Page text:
Or perhaps a better title would be “In praise of Annika Sanfilippo”. Until now, I had not quite appreciated what an extraordinary contribution Annika and collaborators (mainly Bill Riedel, but also Cathy Nigrini and others) have made to radiolarian micropaleontology.
Left: Periphaena decora, from the middle Eocene (45 million years ago) at Site 1403
In a series of scientific publications spanning 30 years from 1970 to 2001, they established what is now referred to as the Cenozoic radiolarian biozonation for low latitudes. It is based on 66 million years of radiolarian evolution and carefully mapped out by the incomings and outgoings of distinctive species. Most extraordinary are the evolutionary transitions, where over a series of slides, spanning a few million years, you can observe a descendent species appear, increase in abundance, and eventually replace the ancestor species.
Coming from the southwest Pacific, I had always been a little suspicious of these evolutionary “bioseries” because what we tend to observe in higher latitudes is the sudden appearance of a key species as climate warms and the species is able to invade from low latitudes. But at this site off Newfoundland, the low-latitude biozonation works like a charm. I am truly in awe of the meticulous efforts of Annika and her colleagues who examined thousands of microfossil slides collected from DSDP and ODP expedition to resolve this wonderful history of plankton evolution.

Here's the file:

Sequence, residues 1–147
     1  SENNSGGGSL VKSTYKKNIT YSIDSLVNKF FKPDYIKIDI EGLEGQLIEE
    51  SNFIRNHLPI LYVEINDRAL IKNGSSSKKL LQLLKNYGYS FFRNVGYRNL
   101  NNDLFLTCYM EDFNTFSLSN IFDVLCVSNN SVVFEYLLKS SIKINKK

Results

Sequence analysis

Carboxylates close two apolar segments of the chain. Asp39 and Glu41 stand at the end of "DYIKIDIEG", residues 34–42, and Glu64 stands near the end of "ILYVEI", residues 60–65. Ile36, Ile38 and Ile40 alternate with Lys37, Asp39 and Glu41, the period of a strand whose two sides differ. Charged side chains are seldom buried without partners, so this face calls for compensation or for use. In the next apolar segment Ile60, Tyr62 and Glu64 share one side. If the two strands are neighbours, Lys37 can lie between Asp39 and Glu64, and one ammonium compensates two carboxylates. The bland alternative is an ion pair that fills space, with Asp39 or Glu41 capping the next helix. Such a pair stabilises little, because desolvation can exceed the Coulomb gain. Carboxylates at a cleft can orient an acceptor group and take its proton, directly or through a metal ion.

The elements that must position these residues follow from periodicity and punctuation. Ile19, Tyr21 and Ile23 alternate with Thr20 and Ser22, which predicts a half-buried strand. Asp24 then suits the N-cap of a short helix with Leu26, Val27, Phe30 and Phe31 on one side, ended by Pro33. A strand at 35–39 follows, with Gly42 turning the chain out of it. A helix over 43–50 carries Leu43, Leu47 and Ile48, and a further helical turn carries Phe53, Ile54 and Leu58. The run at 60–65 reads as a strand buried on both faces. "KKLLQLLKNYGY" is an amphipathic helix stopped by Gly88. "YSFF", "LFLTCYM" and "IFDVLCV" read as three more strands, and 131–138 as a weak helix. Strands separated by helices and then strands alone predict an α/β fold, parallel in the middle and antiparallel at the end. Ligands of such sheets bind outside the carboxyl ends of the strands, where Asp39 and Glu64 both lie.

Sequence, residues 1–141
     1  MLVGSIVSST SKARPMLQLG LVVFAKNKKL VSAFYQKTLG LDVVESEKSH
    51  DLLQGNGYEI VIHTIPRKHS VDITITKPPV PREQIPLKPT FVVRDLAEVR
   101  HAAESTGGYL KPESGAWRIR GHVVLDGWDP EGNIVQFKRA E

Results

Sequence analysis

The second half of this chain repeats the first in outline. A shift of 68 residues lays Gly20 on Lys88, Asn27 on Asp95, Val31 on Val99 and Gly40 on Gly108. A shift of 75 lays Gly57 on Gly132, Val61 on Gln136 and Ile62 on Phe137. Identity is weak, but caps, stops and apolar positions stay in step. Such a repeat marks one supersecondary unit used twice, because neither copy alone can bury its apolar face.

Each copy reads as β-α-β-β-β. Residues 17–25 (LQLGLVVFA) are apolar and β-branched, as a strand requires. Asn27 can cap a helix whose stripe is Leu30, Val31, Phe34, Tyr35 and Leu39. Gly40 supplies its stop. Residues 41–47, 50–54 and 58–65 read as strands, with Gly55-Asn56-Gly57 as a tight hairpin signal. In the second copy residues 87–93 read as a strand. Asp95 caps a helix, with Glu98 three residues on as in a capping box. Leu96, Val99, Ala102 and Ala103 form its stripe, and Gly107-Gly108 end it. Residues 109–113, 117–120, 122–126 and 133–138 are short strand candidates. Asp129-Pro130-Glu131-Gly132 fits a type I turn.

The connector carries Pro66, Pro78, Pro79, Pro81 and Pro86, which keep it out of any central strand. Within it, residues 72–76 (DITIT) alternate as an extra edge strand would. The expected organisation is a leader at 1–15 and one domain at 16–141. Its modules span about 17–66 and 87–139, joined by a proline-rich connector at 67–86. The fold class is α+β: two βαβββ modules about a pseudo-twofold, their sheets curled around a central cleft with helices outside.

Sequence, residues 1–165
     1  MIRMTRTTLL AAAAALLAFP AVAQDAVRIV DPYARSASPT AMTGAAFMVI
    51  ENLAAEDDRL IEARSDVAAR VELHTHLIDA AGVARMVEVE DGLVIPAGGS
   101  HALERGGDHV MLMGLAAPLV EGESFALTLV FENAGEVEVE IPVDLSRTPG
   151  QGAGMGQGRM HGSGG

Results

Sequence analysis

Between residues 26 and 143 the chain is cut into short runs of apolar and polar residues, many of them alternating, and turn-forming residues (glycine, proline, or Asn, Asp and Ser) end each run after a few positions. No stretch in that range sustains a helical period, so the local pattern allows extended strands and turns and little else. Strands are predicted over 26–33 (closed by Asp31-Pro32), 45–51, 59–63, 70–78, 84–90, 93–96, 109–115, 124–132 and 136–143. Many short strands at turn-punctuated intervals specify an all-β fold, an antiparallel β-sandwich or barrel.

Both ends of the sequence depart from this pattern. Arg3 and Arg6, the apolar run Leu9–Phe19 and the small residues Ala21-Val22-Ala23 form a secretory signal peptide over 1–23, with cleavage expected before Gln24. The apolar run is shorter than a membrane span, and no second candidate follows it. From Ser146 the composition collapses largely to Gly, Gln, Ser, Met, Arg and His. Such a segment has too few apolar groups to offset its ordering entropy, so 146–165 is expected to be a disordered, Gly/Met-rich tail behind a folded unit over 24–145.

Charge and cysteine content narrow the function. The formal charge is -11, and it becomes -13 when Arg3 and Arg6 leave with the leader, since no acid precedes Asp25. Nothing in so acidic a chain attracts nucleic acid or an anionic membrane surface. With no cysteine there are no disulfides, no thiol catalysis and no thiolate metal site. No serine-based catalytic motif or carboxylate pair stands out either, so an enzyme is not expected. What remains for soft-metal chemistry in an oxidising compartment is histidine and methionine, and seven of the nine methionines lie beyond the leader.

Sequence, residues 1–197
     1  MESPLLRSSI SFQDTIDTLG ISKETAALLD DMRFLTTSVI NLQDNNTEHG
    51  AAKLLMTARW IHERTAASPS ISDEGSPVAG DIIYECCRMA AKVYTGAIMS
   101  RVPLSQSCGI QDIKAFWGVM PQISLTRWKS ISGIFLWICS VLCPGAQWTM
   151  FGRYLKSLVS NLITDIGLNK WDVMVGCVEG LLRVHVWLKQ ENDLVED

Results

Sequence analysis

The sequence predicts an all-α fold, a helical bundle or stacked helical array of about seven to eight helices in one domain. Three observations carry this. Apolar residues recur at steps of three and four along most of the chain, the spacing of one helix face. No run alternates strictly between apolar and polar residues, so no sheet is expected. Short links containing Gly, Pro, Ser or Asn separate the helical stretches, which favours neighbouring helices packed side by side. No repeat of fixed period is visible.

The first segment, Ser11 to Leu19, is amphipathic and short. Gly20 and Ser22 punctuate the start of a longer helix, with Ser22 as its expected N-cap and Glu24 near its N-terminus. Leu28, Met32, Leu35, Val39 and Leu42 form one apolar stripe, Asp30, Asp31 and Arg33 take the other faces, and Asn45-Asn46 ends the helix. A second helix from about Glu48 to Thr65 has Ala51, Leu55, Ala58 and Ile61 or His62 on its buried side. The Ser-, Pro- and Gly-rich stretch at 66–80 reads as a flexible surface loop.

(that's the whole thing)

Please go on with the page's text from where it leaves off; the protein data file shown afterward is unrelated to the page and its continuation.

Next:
And it’s really important for establishing the age control for Site 1403, where radiolarians are the only regularly occurring microfossil through the Eocene. It’s keeping me extremely busy, so time for blogging is much reduced. Back to work on zones RP7 to RP13.
Thyrsocyrtis tensa (centre) and friends from the middle Eocene at Site 1403.